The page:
Saturday, November 15, 2008

Ilocano Proverbs and Sayings

Although English is spoken by many here, we feel we need to learn Ilocano to better communicate the message we came to give. Here is just a sampling to help you understand the task before us. It is not just the words but the meaning that makes you go "What did you say?"

Tay áso nga taol nga taol saán a makakagát ken makadunor.

Barking dogs seldom bite.

Notice the number of words needed to communicate this. If this is true, we have no need to worry about dog bites here. A good night sleep yes, dog bites no.

Ti táo a manákem, dína makíta ti panagdissó ti sakána ití dagá.

Kitáenna ketdi ti sumarunó a baddekánna.

A wise man doesn't see his foot on the ground, he watches his next step.

At home, there are all these signs to clean up after your pet. Not so here, there are numerous stray dogs and we have yet to see someone clean up after their carabou (water buffalo) that get walked on the streets to the different rice fields.

Naim-imbág ti matáy ta malipátanen ngem ti agbiág a maibabaín.

It's better to be dead and forgotten than to live in shame.

This says a lot about the culture especially when you become familiar with all that is done to honor the dead. Seriously shame is a big fear. When teaching it is difficult to get much participation because everyone is worried they might not have the "right" answer. Being seen crying is also shameful.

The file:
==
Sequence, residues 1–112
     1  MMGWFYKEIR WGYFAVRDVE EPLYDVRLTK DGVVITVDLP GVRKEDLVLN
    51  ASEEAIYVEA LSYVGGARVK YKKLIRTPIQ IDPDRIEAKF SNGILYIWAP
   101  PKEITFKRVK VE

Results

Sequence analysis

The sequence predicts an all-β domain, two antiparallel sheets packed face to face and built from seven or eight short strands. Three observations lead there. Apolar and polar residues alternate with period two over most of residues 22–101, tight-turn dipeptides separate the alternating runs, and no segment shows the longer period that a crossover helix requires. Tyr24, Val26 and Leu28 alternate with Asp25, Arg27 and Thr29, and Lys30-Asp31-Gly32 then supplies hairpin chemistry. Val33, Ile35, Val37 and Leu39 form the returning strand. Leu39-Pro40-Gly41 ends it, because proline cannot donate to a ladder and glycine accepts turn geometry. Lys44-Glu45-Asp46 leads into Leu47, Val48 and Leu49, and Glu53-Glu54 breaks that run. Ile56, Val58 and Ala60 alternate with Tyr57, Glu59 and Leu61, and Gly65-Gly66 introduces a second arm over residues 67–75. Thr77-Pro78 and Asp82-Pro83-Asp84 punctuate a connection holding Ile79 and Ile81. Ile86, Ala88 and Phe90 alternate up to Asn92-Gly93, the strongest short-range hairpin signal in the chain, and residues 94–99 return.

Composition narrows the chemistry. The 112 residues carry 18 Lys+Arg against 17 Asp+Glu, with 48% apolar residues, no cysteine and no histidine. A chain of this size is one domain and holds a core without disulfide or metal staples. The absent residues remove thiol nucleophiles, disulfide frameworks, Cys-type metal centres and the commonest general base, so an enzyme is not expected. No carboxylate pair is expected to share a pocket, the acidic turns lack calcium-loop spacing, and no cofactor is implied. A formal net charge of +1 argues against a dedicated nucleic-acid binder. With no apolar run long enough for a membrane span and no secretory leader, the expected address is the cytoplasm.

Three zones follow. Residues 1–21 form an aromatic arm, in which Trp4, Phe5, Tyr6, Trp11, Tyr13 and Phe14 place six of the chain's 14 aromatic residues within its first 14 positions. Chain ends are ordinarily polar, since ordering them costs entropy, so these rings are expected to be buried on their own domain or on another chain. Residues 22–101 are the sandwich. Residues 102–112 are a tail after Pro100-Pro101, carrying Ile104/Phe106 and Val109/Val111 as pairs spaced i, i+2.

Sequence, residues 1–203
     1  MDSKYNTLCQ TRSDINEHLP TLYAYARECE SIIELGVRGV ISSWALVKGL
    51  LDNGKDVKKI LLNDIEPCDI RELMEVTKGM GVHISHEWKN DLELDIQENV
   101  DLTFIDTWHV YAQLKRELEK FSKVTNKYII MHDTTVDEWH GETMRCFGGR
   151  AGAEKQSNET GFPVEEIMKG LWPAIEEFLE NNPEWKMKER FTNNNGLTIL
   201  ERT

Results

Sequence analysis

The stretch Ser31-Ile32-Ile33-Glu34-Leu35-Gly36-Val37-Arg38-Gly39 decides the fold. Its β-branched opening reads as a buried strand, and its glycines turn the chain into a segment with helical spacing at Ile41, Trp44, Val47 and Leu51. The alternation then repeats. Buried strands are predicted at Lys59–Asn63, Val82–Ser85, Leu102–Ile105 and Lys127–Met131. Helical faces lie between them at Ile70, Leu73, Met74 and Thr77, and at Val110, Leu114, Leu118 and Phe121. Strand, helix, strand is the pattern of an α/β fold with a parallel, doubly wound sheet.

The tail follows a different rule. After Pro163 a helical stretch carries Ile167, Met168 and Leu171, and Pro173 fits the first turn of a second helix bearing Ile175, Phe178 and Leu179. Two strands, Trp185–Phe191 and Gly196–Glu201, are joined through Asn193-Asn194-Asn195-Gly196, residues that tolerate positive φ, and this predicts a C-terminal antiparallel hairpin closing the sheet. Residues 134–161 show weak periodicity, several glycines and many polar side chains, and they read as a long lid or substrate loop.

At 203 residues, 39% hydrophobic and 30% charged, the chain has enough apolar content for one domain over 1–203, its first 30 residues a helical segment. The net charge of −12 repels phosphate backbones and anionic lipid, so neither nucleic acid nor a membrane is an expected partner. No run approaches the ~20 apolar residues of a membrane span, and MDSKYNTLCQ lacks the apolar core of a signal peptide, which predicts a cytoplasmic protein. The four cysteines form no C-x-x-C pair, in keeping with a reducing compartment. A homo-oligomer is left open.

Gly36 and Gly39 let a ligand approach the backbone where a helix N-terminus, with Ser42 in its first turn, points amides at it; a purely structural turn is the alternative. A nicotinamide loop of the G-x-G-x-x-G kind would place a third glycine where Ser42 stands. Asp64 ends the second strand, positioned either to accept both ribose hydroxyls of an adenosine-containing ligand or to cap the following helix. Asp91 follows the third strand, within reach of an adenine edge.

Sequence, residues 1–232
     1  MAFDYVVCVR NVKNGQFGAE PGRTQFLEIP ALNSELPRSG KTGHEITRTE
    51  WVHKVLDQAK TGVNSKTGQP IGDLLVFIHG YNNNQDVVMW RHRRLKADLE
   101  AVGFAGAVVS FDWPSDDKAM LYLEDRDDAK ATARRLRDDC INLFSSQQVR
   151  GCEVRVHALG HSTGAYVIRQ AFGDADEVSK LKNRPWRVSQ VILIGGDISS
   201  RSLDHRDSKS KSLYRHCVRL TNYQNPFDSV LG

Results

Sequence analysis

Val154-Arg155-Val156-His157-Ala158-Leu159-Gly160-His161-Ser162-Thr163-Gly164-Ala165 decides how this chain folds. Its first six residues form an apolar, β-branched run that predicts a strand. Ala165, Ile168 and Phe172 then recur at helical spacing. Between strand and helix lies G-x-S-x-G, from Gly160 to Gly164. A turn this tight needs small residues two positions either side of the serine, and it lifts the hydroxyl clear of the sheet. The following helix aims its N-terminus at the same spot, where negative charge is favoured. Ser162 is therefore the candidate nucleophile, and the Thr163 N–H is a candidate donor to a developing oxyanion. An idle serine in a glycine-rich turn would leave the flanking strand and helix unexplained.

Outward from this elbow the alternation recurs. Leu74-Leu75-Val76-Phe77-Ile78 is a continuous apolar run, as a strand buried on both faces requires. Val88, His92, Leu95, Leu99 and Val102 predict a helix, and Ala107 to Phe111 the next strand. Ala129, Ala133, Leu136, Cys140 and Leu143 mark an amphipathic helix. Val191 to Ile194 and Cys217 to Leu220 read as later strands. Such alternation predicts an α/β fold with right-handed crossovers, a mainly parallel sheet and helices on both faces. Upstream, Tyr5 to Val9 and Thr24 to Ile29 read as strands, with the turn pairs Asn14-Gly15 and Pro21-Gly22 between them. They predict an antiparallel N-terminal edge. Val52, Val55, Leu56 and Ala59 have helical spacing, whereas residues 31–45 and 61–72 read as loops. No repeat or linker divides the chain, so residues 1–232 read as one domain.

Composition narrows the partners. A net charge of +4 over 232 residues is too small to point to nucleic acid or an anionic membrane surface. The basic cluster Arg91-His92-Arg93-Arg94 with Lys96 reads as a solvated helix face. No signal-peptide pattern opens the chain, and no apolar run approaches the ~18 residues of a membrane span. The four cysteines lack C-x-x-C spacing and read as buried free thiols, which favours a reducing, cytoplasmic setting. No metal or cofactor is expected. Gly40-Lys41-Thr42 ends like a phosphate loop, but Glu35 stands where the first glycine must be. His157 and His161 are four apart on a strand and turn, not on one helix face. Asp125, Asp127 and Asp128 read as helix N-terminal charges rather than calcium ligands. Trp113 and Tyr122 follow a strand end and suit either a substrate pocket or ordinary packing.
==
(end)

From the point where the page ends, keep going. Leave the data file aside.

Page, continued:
No awán ti ánus, awán ti lámot.

If there is no patience, there will be no food.

Meal preparation takes time. No fast food restaurants or microwavable microwaves either.

No sáan nga makaammó nga nangtaliáw ti naggapuánna, saán a makadánon ti papanánna.

He who does not look back to his origins will not reach his destination.

The village you come from is often part of your introduction. When we first came here it seemed where someone was from was emphasized more than even their names.

Di pay nalúto ti pariá simmagpáw ti karabása.

The bittermelon is not yet cooked and the squash jumped in.

Even after learning some Ilocano, we might need a translator! This supposedly means "Who asked you to join in?"


  1. I love the last one, I might need to use that!

    I love it when you share the culture of where you're living. you minister to so many more than you know including those of us reading your blog.

  2. You are in the Philippines and you went there to minister? oh! I am an ilocano working in the US as a k2 teacher. I am glad youre doing all these. In behalf of the Filipino people, thank you.


  3. George, glad to hear from you. We are blessed to have the opportunity to serve God among the Igorot people of Mountain Province.

    In what part of the US are you now living?